He was categorical in his artistic demands and not always easy to deal with. Continuously running up against the indifference of his fellow human beings, he never made it easy for himself either. Manfred Schulze, somebody who could hear new sounds which, first of all, he had to make laboriously accessible to his fellow musicians. Laborious seems to be an appropriate word for this biography which began in provincial Saxony, taking him from his job as miner at Wismut (the mining company run collectively by the Soviet Union and the GDR) through private music studies and then initially to dance music. Manfred Schulze urged to break away from conventional patterns and to express himself more authentically. This is what connects him to the creative imperative of Jazz: Play Your Own Thing! Manfred Schulze who, in the sixties, played at dance events with Jazz and Rockjazz bands, almost independently developed a musical aesthetic which broke all the conventional norms. Why talk about Manfred Schulze in the past tense? He, who during his creative years acted in a highly vital and forceful manner, fell musically silent due to a serious illness in 1992 and was living in a Berlin nursing home since 1994, until his death on July 25, 2010. Manfred Schulze’s music, however, is still very much alive through being heard and being played - and not least because it has withstood all temporary fashions of its time. The activities of Free Music Production have made an essential contribution to this and the commitment of the musicians who can be heard on this recording. As Johannes Bauer confirmed in a conversation, the Manfred Schulze wind quintet in this line-up was and is about sticking as closely to the original arrangements as possible. This is what makes Schulze’s music shine most powerfully, brought up to date by the fresh inventiveness of the players.
It is remarkable that the first Schulze wind quintet was founded as early as 1969, well before ROVA, the World Saxophone Quartet and other wind groups in the succession of Free Jazz. For Manfred Schulze, an essential force of renewal came from the spirit of the European history of art and music. Even though he was more influential as a musician and composer, his own visual work was also of particular interest to him. The influence of Jazz on Manfred Schulze’s music included the areas of tone development, phrasing and improvisation. In so far as the European tradition is concerned, Schulze mainly resorted to compositional techniques and formal structures, which he developed further. It is hard to imagine nowadays that his concepts, which can truly be called visionary, were developed in a completely non-academic environment, isolated to a large extent from the international currents in contemporary art. Beyond all schools and directions Manfred Schulze succeeded in shaping a highly expressive musical language. Well aware was he, however, of the classic modern Jazz players the likes of John Coltrane und Sonny Rollins, as well as the pioneers of New Music such as Schönberg, Berg and Webern. It is a known fact that he would occasionally play a record of Schönberg’s music to the musicians of his wind quintet, before starting rehearsals, in order to wean them away from the mannerisms of Jazz. At the same time, however, as impulse, Jazz was as important to him as New Music. Free Jazz in the way it was practiced at that time was never his thing. To him, compositions were more than a framework or a reason to improvise. They turned out to be an essential part of his music. In particular - and this is superbly documented on this CD - Manfred Schulze was inspired by the art of choral setting which flourished in Central and Northern Germany in the 17th century. Manfred Schulze’s choral concert is based on the free form of polyphonic choral work; with regards the use of the cantus firmus, the compositional techniques, variations, inversions and modulations, however, it goes well beyond the historic models. In the course of the compositions which constantly allow space for improvisation, there is an increasing interweaving of notated and spontaneous parts. The piece B-A-C-H, in four parts, continuously works with the given order of tones, while Manfred Schulze developed his composition Bounce Nr. 1 from a piece of dance music - as a four-part harmony with unmistakable associations with „O Sacred Head, Now Wounded“. The Dresden Suite, a piece with a distinctive marching rhythm, is the 4th movement of the work of the same title which Manfred Schulze wrote as one of his first compositions for wind quintet, at the end of the sixties.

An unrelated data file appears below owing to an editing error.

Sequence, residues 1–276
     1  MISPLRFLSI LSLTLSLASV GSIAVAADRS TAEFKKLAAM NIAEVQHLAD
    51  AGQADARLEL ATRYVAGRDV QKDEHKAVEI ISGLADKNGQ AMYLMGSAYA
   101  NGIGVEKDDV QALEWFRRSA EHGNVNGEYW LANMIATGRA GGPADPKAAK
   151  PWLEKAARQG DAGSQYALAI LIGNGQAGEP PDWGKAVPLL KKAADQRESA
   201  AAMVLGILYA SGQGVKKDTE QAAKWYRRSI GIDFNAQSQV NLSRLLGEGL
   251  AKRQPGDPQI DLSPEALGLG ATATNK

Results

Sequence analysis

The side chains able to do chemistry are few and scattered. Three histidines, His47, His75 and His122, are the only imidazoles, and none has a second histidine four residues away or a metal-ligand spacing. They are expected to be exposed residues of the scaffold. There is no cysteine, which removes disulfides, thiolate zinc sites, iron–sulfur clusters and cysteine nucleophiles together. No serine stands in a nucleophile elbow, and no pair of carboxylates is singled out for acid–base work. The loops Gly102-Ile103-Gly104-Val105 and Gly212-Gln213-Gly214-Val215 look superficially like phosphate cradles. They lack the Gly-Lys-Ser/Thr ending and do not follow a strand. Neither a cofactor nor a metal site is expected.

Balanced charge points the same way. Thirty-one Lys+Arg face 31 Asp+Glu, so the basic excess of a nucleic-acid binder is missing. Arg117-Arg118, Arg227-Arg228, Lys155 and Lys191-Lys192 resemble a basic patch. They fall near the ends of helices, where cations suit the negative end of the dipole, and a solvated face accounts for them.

More extensive information about Manfred Schulze’s life and work can be found on the website http://www.manfred-schulze.de. This site, as well as the CD’s published by FMP and live concerts of the Schulze wind quintet will hopefully contribute towards being able to talk about Manfred Schulze’s music in the present tense.
Translation: Isabel Seeberg & Paul Lytton